Monday, November 12, 2012

Better off without 'em

These are certainly interesting times for political discourse in this country. Who could have foreseen that “legitimate rape” would become a presidential campaign issue, or the sesquicentennial sentiments of an Arkansas politician commenting, in 2012, about how lucky the descendants of slaves are to have had their ancestors brought to America in chains (the old blessing-in-disguise argument). And now, some of our disgruntled fellow citizens have raised the specter of secession again, because they reject the results of a democratic election. That sounds familiar.

The release  of Better Off Without 'Em, A Northern Manifesto for Southern Secession, by Chuck Thompson (Simon & Schuster: New York), couldn't be more timely. I've downloaded it to my Kindle today and will likely comment on portions of it as my reading progresses.

There are many reviews of Thompson’s book out there, but this is a good one to start with (originally published on Daily Kos, Sunday, October 14, 2012).


Unknown said...

I may read this. Just moved to Fredericksburg VA 9 months ago from MI. The main street in town is Jefferson Davis Hwy. Every other street seems to be named for a Confederate general. A recent letter to the editor in our local paper decried an NPS exhibit about the Yankee occupation during the Civil War, stating that it would be like France celebrating the Nazi invasion. It was a serious letter. And this is a northern VA college town. As a CW buff I go to lots of battlefields and historic sites in VA and other southern states. The Lost Cause sentiment is fervent among many docents and tour guides I encounter. The most recent atrocity was attending an October lecture by Tony Horwitz about his John Brown book, Midnight Rising. He made the point that Brown foresaw,and helped spark the Civil War. Several people stood up to inform him that the war was not fought over slavery. Sigh.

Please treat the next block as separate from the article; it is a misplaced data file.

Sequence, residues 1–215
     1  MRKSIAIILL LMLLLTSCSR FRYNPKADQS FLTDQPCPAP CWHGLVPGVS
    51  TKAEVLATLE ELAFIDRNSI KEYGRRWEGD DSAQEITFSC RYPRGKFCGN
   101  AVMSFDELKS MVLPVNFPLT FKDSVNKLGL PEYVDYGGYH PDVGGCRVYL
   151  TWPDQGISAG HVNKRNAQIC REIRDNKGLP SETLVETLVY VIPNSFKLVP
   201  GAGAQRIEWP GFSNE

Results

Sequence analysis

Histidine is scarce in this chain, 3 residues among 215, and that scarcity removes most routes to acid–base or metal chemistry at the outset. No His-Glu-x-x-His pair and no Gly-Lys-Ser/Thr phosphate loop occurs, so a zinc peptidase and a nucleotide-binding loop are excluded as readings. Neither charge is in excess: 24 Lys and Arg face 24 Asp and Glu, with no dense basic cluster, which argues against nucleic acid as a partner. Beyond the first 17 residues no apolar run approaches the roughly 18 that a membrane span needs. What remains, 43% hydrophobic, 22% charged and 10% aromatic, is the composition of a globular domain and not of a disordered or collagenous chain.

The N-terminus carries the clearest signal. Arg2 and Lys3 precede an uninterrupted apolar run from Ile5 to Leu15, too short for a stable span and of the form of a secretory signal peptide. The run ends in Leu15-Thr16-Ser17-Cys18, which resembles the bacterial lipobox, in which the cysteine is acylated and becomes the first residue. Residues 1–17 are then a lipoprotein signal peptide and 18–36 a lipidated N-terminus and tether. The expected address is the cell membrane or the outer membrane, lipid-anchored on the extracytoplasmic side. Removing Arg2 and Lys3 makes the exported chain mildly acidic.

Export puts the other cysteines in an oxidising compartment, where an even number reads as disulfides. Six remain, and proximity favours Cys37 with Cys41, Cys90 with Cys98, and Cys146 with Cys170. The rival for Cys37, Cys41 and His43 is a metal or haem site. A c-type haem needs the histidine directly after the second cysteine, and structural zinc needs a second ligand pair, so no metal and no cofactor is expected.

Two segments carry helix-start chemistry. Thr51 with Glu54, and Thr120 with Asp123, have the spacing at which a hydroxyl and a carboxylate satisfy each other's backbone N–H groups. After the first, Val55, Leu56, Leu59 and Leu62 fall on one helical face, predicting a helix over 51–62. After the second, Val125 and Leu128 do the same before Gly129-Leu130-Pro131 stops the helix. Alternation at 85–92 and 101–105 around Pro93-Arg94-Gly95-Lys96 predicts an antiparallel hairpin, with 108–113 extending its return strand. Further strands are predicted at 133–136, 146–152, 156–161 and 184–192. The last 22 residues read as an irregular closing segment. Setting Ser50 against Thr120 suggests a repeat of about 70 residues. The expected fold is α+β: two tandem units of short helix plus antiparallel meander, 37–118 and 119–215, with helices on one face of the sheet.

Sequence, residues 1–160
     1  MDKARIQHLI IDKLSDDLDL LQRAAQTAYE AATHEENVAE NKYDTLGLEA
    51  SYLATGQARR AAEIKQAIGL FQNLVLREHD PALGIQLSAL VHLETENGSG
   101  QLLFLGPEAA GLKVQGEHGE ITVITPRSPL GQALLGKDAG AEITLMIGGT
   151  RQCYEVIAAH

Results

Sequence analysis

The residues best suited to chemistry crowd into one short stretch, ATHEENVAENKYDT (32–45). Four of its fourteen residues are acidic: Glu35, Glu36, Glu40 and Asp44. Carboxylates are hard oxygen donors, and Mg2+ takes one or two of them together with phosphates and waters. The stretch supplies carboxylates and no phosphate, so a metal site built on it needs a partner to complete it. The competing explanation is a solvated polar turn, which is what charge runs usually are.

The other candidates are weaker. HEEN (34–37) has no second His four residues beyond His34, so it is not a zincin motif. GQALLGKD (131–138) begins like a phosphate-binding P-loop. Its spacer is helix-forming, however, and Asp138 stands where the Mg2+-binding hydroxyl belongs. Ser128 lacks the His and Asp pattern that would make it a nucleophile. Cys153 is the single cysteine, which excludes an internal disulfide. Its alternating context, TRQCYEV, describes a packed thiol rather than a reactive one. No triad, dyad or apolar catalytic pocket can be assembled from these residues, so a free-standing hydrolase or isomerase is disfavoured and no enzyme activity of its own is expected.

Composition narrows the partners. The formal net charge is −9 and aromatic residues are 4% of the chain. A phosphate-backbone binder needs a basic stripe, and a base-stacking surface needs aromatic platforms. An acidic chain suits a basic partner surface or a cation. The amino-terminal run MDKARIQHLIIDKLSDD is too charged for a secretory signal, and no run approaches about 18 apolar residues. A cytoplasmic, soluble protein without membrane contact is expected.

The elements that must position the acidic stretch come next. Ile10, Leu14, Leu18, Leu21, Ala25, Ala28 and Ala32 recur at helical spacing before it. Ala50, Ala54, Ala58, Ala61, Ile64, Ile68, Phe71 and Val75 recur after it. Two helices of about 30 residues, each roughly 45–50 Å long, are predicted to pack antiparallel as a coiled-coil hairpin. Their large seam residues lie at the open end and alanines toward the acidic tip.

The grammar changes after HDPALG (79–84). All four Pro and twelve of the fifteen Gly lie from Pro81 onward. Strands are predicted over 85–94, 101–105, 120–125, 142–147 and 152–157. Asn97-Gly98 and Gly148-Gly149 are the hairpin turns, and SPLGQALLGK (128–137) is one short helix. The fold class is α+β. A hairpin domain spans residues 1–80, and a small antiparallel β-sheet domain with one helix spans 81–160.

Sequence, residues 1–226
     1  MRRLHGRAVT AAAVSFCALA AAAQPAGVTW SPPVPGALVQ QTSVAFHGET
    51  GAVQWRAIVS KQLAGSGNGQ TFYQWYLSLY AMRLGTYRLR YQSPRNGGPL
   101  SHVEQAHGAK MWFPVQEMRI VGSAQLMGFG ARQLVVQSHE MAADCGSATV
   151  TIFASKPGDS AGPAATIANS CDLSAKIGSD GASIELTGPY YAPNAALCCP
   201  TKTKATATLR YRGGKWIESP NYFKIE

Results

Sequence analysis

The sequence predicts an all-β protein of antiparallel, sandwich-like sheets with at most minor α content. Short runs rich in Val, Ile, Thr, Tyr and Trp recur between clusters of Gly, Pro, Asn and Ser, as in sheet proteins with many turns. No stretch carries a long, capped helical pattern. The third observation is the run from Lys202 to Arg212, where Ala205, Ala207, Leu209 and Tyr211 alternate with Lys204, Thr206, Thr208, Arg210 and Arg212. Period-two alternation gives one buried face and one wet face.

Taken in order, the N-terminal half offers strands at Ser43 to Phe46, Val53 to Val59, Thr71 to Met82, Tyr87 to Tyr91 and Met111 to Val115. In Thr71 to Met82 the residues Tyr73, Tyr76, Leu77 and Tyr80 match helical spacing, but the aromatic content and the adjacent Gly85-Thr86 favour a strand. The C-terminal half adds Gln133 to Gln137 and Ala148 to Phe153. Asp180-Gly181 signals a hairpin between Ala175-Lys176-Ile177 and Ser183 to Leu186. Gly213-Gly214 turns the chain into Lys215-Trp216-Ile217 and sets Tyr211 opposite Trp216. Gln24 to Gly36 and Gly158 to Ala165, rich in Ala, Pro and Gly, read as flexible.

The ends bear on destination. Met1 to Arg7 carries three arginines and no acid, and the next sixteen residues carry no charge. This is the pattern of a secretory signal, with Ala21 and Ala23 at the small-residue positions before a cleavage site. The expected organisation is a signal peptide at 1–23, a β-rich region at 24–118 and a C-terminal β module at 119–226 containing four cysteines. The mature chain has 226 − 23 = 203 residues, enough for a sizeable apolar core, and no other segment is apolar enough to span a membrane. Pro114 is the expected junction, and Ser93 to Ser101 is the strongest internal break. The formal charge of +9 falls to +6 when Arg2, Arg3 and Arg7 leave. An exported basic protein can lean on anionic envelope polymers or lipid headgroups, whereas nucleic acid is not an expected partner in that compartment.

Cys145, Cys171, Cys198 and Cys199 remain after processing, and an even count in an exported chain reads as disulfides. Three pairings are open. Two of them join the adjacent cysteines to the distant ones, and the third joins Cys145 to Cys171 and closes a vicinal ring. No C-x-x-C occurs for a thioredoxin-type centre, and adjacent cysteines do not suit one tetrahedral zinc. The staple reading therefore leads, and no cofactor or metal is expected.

dw said...

Living in Northern California, I don't see the things you're describing up close and personal, but even here it's not uncommon to hear those sentiments expressed (that it wasn't really about slavery). That's an article of faith that transcends the literature, and reason.

Horwitz, of course, would not be surprised by those questions or comments.

It is unfortunate that so many tour guides and docents, as you mention, perpetuate that stuff. That kind of institutionalized misinformation is hard to combat.